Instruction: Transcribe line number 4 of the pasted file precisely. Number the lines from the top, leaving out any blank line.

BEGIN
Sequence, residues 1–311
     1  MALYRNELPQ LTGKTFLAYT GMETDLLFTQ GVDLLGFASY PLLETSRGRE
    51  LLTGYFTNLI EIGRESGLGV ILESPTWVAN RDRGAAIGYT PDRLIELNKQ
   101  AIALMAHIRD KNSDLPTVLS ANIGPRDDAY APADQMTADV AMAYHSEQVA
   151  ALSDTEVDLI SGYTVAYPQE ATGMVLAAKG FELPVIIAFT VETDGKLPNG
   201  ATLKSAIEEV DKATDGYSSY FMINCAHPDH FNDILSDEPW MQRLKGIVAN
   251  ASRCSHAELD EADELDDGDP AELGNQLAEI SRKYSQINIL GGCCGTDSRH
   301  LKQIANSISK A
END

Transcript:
   101  AIALMAHIRD KNSDLPTVLS ANIGPRDDAY APADQMTADV AMAYHSEQVA